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Lapidary / Gemstone Community Forum
June 16, 2019, 12:36:53 am
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The Complete Metalsmith

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Author Topic: The Complete Metalsmith  (Read 769 times)
Taogem
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« on: December 15, 2008, 08:43:52 am »

Mirkaba (Bob), posted about Tim McCreight's "The Complete Metalsmith" in another thread.

Good information and comments about McCreights book that was posted before this area to the forum was started.

Good a place as any to start us off !  :)



 


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Bluesssman
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« Reply #1 on: December 15, 2008, 08:30:40 pm »

Fantastic new addition. Hopefully both good and bad reviews will be allowed.
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Taogem
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« Reply #2 on: December 15, 2008, 11:28:19 pm »

Fantastic new addition. Hopefully both good and bad reviews will be allowed.

Yes.... of course.. Both good and bad will be welcomed.

If bad, perhaps a review could be more of a constructive criticism that out right knock down. Anyone who has accomplished a publication, I think it is fair to say deserves a good degree of respect.

To see past what might be poorly written and hopefully see the publications for what they are.

Generally the love an appreciation of an art taken to the point that they are doing their best to share, teach, and demonstrate in book, CD and or DVD forms to the best of their abilities..

No matter what we gotta give the authors that IMHO...  :)





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Bluesssman
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« Reply #3 on: December 15, 2008, 11:59:17 pm »

I agree, any author who puts in the amount of time needed for a book should be honored. What I find most in books I don't care for is they really do not get specific enough or even more so leave you wanting more!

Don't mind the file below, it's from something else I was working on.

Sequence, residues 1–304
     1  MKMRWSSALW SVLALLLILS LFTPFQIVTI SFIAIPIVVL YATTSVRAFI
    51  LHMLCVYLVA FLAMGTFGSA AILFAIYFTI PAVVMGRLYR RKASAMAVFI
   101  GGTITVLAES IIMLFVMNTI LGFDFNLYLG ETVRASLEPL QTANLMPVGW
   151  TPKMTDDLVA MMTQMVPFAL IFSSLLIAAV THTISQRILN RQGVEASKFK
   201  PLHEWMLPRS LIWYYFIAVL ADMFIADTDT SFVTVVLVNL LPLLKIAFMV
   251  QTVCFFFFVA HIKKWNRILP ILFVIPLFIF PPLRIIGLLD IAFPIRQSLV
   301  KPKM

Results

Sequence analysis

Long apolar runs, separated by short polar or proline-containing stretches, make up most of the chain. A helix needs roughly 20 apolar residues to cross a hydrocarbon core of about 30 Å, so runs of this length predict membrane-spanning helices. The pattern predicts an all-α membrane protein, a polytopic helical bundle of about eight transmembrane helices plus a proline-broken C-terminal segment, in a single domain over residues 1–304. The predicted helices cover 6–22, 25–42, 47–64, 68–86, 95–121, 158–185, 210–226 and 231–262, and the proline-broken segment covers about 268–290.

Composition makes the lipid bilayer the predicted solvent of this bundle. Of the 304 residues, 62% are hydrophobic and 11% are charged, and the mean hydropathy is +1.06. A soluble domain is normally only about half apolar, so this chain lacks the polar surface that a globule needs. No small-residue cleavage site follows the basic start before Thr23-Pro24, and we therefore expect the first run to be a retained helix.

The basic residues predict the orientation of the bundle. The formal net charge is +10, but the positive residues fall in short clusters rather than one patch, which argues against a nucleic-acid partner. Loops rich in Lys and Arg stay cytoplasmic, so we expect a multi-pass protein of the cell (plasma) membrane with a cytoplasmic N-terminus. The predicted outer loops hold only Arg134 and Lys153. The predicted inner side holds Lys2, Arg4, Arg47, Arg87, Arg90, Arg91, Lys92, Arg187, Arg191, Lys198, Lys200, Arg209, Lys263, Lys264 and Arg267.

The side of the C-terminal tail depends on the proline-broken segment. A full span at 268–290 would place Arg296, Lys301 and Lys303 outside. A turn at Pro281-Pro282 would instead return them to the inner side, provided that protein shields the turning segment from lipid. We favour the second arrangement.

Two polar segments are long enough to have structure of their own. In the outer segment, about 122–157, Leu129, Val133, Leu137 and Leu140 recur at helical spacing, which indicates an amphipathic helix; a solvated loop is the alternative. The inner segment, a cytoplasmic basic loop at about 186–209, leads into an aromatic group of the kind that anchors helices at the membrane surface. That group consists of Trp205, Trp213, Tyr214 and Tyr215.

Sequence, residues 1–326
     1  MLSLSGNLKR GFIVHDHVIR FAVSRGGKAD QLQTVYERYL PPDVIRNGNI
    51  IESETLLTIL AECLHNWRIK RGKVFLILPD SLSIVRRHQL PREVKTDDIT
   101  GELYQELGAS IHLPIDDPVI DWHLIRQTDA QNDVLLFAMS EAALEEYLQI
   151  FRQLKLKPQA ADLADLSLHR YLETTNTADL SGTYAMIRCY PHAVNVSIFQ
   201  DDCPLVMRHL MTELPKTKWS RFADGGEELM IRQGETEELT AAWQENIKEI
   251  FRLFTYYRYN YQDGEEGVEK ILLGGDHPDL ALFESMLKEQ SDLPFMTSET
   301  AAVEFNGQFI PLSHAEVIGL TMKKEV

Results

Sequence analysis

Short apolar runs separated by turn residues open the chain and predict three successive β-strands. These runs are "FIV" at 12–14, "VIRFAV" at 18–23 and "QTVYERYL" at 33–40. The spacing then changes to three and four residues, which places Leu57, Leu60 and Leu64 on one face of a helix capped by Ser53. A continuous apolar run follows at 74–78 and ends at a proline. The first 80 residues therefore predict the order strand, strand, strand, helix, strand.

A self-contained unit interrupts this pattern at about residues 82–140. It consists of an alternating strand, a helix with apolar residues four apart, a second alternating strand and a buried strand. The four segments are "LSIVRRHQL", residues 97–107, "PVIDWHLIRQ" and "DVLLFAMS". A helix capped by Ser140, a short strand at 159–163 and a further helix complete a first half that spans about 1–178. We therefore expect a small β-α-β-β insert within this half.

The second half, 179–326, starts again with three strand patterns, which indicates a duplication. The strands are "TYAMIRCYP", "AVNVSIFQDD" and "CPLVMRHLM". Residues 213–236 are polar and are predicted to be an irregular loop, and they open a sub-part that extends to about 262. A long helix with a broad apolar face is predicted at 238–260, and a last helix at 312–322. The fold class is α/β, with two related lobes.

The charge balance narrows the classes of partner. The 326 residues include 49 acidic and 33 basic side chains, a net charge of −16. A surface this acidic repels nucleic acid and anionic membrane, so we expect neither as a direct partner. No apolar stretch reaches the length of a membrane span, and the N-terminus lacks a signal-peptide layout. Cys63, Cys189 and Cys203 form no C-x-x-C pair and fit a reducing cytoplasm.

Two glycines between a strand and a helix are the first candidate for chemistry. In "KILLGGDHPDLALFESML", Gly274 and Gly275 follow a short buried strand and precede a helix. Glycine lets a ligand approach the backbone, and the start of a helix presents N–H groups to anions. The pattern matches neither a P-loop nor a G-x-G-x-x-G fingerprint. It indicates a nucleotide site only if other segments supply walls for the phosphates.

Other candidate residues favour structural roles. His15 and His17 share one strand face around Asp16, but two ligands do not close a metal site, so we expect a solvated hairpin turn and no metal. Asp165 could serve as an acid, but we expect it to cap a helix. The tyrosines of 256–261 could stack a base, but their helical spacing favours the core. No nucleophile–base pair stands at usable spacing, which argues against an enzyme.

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Taogem
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« Reply #4 on: December 16, 2008, 12:17:09 am »

or even more so leave you wanting more!


I hear ya there !!
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mirkaba
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« Reply #5 on: December 16, 2008, 06:38:44 am »

It seems that in most of the jewelry books I have read There is an assumption that the reader has a basic grasp of the subject. This is not always the case. I love books and rely on them. But I still believe I have to actually work with someone that knows their stuff somewhere along the line. In the meantime I will continue to read and have the occaisional meltdown or minor wreck. Every small bit of confidence in my work that is gained is well earned and deserved. I have yet to have a jewelry making/metalsmithing/lapidary epithany. But it is coming and I am still looking for the best books.      Bob
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Bob

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Bluesssman
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« Reply #6 on: December 16, 2008, 10:22:32 am »

When I taught photography (workshops primarily) I always said you learn more by your mistakes than you do by your successes. However, the more information you can gain to help you not make mistakes, the better. I think hands on experience is far more useful than reading a book, but gaining some information before hand can certainly make the hands on experience more enjoyable. I would like to find more classes in lapidary but they seem far and in between!
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